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British Film Review - When The Lights Went Out
Based on the true events of Britain's most famous and horrifying haunting, WHEN THE LIGHTS WENT OUT is the story of a down-to-earth Yorkshire family and the malevolent spirit who turns their existence upside down. Set in the 1970s, the Maynard family and their teenage daughter Sally move into their dream home in a small town in the North-West of England, only to realise that it isn’t so perfect after all. There is a presence living amongst them who is set to disturbingly disrupt their lives. Len and Jenny struggle to keep the already-fragile family together under the ghost's onslaught, as sinister echoes from the distant past start to reveal its true, sordid nature. And as things worsen, it becomes apparent that the young daughter Sally is the main focus of its attentions. All must come together to fight the evil spirit if she is to survive. Ominous, disturbing and deeply chilling, When The Lights Went Out is a terrifying British horror to make your blood curdle.
Being a film about the supernatural though When the Lights Went Out is noticeably lacking in scares or atmosphere though. As the film is based on a true story, you might have expected Holden to have adopted a more realist, documentary-esque feel to the film, but instead, by being set in the 70s it feels a little like Cemetery Junction. The feeling is not helped by the fact that most of the best bits in the film are infused with that classic northern humour. As good as that is, in a horror film such as this, it only serves to undermine any attempts to build up suspense and tension in the audience.
There is also little to no attempt to create a sense of unease. The camera is rarely used in a way that would make the audience feel uncomfortable, and for all its clichéd haunting experiences, there is a lack of clichéd horror troupes at play here.
Which is disappointing, as When the Lights Went Out had the making of an incredibly disturbing and unnerving cinematic experience. It’s not without its moments, but I was left wondering who this film will play to. If it is marketed as a horror film, aficionados won’t be impressed by its lack of scares, and if it is played to a slightly older audience, who might have vague recollections of the events, they will certainly enjoy the spot on period detail above the haunting.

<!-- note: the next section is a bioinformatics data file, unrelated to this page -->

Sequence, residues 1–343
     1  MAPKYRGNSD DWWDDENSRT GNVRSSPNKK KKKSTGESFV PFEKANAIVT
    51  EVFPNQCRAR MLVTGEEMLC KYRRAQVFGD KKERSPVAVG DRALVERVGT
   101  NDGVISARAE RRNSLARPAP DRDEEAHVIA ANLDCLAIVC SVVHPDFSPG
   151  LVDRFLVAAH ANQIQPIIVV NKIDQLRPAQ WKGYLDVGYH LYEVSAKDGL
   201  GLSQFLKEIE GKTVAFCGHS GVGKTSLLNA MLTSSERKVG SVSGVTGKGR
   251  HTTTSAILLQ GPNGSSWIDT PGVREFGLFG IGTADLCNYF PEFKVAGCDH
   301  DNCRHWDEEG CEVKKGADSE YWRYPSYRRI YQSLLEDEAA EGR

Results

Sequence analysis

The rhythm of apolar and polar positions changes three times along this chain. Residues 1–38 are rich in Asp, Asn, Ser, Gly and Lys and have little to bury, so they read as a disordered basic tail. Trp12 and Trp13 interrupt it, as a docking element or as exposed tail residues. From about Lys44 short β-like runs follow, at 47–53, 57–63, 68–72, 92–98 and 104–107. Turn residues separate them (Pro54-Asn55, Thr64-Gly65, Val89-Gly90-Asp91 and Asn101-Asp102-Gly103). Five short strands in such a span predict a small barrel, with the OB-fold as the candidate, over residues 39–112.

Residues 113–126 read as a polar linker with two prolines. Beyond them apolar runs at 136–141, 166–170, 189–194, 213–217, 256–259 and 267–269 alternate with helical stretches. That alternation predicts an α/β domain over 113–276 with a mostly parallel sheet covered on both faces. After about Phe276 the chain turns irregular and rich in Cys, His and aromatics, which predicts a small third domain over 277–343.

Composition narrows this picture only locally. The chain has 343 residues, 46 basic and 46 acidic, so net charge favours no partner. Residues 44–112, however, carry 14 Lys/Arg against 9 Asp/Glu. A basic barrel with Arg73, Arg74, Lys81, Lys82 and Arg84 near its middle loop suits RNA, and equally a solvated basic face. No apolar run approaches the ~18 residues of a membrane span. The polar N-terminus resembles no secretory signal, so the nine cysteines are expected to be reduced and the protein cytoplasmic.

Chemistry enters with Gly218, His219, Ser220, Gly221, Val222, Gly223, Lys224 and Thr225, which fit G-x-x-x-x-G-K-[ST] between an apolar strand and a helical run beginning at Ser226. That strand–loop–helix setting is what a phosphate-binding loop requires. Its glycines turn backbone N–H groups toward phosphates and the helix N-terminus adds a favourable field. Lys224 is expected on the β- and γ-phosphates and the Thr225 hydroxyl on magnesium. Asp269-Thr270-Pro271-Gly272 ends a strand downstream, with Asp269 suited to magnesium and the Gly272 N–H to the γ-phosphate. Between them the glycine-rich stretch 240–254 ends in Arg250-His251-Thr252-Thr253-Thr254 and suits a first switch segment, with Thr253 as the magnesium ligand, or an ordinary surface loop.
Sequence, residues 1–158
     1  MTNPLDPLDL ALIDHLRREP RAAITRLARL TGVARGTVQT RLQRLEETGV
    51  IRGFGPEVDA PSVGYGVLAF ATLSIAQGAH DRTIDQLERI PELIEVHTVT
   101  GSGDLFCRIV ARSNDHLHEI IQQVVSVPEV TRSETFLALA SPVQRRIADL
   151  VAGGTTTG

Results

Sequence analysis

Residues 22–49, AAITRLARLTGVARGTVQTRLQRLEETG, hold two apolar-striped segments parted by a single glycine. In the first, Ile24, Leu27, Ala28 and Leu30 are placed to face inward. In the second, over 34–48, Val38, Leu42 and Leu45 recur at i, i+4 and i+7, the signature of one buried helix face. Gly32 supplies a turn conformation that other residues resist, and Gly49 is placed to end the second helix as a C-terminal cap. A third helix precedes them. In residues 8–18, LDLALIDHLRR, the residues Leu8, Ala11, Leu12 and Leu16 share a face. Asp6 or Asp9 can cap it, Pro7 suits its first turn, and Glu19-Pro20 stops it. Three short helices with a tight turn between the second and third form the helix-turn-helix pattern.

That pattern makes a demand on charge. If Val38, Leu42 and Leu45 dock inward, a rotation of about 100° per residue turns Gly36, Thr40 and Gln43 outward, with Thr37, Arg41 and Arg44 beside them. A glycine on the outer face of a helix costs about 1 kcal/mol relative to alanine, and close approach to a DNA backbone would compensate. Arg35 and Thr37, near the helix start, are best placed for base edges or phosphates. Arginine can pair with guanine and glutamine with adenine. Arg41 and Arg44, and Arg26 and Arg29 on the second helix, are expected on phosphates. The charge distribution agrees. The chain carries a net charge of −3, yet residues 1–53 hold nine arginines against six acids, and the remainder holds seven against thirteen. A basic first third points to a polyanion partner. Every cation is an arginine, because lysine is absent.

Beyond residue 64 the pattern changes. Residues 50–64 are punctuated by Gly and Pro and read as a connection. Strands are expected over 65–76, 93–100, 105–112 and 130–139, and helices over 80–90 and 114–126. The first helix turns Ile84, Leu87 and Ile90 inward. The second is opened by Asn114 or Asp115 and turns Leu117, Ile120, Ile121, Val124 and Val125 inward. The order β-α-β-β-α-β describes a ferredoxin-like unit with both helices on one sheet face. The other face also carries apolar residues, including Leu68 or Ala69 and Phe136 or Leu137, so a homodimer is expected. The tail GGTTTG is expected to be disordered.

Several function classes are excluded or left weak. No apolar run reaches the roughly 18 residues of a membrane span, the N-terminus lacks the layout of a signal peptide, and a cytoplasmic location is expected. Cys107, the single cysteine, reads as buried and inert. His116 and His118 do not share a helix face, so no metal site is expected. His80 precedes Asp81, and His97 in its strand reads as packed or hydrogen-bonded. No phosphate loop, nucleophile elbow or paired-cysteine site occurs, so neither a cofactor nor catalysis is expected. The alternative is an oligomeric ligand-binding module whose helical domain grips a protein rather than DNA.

The other issue affecting the atmosphere of the film is the characters reactions to the events around them. Being based on real events can be a blessing and a curse, and Holden seems to have tried to stick as closely as possible to depicting events as originally experienced. In doing so Holden portrays characters who far too late in the story, begin to be genuinely disturbed and worried about events, and this ultimately impacts on the audiences ability to get wrapped up in the mystery and scares.
As the film comes to its conclusion it takes on a bit of an investigative plot, as the truth about the ghost, and it’s haunting become clear. This in itself is far too interesting to be left so late in the story one wonders how much more suspense and mystery could have been created as the creators taken a bit more artistic license.
‘When the Lights Went Out’ is a good, entertaining film which lacks the genuine horror or scares of genre classics, but is helped by strong performances and period detail, as well as an interesting and disturbing final act.
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